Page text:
With that said, most males do well indoors unless you have a female in heat. Then you need to seperate them. BUT I don't know an extensive amount about ECS', but I imagine since they are a smaller breed, unless you live in a very warm climite you may not want an outdoor kennel. It may be wiser to set up a room in your house where you can isolate your female in a nice large wire crate, or give her the run of a small room. Males can actually freeze their sperm in cold conditions and very easily can decrease sperm motility in cooler climates. You need to keep your guy warm when he is considering breeding - and never "just put two dogs together". Breeding should be supervised to verify a tie and prevent injury. Male dogs have a bone in their genitals that if broken is VERY painful and hard to set. You should have adequate space to house all the dogs safely, and be able to "run" a breeding program. Your babies can't be shoved outside at 4-5 weeks of age - especially medium breed puppies. You're going to need to figure out where you plan to house puppies for 8-12 weeks safely (nothing they can get into, somewhere easily cleaned and disinfected). The garage is NOT an option. If carbon monoxide has been in the room in the last 30-60 days you can very easily lose a whole litter of puppies in a heart beat. You have to figure out what part of your house you want smelling like puppy poo for a lengthy period of time. :) It should be somewhere not too noisy of high traffic, but not so secluded that the puppies never get socialization and exposure to noise.
Need more advice - I'm always willing to help a new breeder with responsible expectations!!!
Hi Abbylynn, many thanks for you reply I ahve read it again and again we live ina 3 story victorian house ina park across the road from the beach I work from home so Im here most of the time. We do wish to bread and realise the time involved but we also want to do it properley our dogs are first and foremost pets and part of a loveing family home. Do you think it would be a good idera to get an older male say a year or over instead of a puppy to begin with? We dont wnata dog taht gets unhappy because he is not being breed enough we have 2 bitches but as I said thay are pets first and foremost. Any advice greatfully received Rhianna .
It sounds like you are a concerned dog owner and that is half the battle. I am sure that you will make responsible choices concerning your pet breeding. It is NOT rocket science, and it is not too much work, for very long any way. For the first 3 weeks, unless you have a HUGE litter and need to suppliment feed, mom should be doing 99% of the work. After that, plan on a lot of paper changing and monitoring until the 4-5 weeks until they are gone.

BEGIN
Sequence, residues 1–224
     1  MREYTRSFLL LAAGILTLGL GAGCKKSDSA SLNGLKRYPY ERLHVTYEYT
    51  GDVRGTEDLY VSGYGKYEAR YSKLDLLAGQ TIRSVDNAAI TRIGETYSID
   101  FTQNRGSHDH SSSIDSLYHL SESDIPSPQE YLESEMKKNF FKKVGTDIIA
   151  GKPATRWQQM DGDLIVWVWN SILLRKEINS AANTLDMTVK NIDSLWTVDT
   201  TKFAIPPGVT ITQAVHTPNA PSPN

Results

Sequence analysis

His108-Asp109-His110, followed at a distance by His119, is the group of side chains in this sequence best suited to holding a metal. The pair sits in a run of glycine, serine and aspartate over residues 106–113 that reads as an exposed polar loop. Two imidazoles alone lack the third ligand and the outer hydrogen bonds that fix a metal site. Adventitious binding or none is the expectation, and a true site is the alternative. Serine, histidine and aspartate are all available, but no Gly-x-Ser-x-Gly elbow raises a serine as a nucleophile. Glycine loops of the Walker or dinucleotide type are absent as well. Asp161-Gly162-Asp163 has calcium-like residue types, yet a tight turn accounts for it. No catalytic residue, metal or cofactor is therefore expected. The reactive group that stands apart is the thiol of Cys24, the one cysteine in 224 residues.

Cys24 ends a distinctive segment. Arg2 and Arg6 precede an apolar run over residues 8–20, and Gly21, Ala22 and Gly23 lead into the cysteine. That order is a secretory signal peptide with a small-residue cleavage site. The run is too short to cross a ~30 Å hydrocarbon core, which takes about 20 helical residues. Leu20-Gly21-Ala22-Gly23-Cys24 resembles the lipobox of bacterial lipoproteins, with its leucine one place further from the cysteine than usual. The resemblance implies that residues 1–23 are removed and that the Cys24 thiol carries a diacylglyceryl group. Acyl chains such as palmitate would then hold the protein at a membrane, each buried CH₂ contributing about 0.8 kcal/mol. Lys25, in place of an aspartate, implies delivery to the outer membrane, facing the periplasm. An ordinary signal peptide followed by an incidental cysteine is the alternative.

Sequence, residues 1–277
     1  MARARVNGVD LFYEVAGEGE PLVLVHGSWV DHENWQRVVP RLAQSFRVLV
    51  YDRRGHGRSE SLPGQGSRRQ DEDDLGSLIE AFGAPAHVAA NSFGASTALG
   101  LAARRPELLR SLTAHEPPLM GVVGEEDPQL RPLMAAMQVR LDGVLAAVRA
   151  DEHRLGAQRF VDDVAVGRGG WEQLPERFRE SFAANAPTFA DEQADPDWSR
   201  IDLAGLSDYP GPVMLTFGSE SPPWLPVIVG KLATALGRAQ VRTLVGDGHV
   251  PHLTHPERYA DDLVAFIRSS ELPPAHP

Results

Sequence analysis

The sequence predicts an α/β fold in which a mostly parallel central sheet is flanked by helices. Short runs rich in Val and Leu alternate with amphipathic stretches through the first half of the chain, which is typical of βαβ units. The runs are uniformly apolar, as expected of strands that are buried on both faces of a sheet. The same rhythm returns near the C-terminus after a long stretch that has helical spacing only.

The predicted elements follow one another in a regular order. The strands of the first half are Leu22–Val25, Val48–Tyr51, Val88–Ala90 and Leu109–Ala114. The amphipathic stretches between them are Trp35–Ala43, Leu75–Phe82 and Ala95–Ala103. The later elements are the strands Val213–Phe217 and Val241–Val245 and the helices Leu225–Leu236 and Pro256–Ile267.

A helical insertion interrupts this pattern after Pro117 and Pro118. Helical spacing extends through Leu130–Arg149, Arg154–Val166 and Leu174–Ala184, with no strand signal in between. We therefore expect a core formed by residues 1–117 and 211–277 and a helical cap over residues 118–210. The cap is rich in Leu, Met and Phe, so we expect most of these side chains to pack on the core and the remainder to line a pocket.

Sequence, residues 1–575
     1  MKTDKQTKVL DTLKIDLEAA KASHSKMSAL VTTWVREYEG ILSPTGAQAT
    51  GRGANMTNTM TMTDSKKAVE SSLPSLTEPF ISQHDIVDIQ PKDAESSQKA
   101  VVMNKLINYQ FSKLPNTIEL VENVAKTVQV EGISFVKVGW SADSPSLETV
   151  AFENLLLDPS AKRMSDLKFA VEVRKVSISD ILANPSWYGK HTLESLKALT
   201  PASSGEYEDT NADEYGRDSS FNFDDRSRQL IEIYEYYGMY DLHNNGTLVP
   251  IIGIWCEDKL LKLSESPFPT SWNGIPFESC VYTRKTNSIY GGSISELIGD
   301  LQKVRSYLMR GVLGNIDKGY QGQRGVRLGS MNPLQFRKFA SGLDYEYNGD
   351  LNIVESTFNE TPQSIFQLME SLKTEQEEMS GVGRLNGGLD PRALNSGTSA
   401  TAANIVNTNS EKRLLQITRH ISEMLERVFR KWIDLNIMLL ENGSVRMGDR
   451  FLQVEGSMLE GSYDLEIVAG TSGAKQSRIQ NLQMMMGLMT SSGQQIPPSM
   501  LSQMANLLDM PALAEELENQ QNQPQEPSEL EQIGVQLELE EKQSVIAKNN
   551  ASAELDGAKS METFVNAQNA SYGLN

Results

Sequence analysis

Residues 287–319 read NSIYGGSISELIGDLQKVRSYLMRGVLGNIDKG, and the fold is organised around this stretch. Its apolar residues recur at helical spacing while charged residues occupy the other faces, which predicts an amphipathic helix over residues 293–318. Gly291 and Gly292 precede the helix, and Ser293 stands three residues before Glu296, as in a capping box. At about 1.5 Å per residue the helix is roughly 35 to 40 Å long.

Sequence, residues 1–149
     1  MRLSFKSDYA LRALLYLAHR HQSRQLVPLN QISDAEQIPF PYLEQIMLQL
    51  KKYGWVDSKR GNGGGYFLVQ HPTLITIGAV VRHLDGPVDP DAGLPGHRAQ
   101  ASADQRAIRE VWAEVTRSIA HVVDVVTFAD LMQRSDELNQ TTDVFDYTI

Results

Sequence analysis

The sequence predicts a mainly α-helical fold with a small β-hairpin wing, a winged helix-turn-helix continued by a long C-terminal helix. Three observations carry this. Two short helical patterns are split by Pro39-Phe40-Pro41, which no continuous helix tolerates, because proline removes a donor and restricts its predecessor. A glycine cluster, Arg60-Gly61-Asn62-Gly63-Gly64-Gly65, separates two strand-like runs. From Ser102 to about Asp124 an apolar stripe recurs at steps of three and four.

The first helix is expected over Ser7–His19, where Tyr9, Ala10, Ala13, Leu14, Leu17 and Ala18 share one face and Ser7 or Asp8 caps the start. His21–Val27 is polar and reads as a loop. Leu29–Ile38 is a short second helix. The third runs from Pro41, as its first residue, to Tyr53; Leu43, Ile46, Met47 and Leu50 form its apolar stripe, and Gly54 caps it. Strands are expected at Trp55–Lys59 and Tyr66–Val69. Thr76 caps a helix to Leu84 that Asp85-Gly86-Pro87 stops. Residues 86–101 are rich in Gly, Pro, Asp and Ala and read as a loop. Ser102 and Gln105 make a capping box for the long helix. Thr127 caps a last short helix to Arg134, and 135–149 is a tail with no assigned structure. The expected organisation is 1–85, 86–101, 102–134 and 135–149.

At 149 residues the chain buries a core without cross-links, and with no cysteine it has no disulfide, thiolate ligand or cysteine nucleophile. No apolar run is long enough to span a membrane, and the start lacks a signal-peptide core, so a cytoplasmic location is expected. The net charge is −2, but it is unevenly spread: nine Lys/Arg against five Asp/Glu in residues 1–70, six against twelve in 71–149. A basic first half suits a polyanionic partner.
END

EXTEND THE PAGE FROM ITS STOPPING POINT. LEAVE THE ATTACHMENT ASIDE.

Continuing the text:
People are so discouraging of pet people breeding, but then they don't like large breeders either. If your dogs are over 2 and don't have obvious health issues that your vet notices in a pre-breeding exam you should be okay. If people are being honest, most of the parents to pups being sold on this site and most others are not tested for genetic problems. I test for heart only, because that is the major issue of boxers, they are ranked 68 for hip dysplasia and my vet has NEVER seen a boxer w/ hip dysplasia. HIP DYSPLASIA and other issues that are tested by the OFA often have OTHER FACTORS BESIDES genetics that also cause the disease. Genetics is just one of many factors on why dogs get sick.
As for getting a stud dog, I would discourage it, it would be to your benifit to get another female if you can handle 3 dogs. Stud dogs, even in your area are a dime a dozen. You just have to know where to look, contact your local or even not so local kennel clubs. Check out confirmation shows. You may as well be breeding to the best male dog you can find, hopefully Champions. Also consider this... if you have a stud of your own you are not looking at a dog that will truely compliment each of your bitches. You are going to breed with him because he is yours and convienient. Just a suggestion. I didn't get a stud until I had 8 girls, and 2/3 of the time I still will breed w/ Champion dogs anyway. GOOD LUCK, I am sure you will do fine, what ever you decide.
Okay alicat1 - how much socialization do you do with your puppies? I can't believe you said that breeding isn't a lot of work? Do you just whelp the litter and then make sure none of them are dead each morning? For me it is a full time job (and by full time I mean I get overtime in as well). At least I think it is a lot of work if done properly!
Rhianna - I actually do recommend getting a stud dog rather than finding one. Here is my reasoning - yes stud dogs are a dime a dozen - good ones aren't so easy to come by. Then you have to take into consideration the trouble of finding a breeder that you are comfortable with, agree with their practices and want to deal with on a regular basis. THEN you have to make sure that the stud dog doesn't have any sexually transmitted diseases (Brucella Canis being a big one that will ruin your females breeding career very quickly). Then you have to deal with the stud fee, which can range from chump change for a poor quality guy to up to the cost of 2 good quality dogs with each litter. If your female has one puppy - there goes your stud fee. :) You also have to work out the "stud contract" and be knowledgable enough in this area to make sure you don't get screwed over. THEN most stud owners will ask you to board your female - unless they happen to live down the street. So you have to be comfortable enough to leave your pride and joy with them. It's a pain in the rear - not to mention the paperwork involved and your not fully knowing the temperament or health background of your stud male.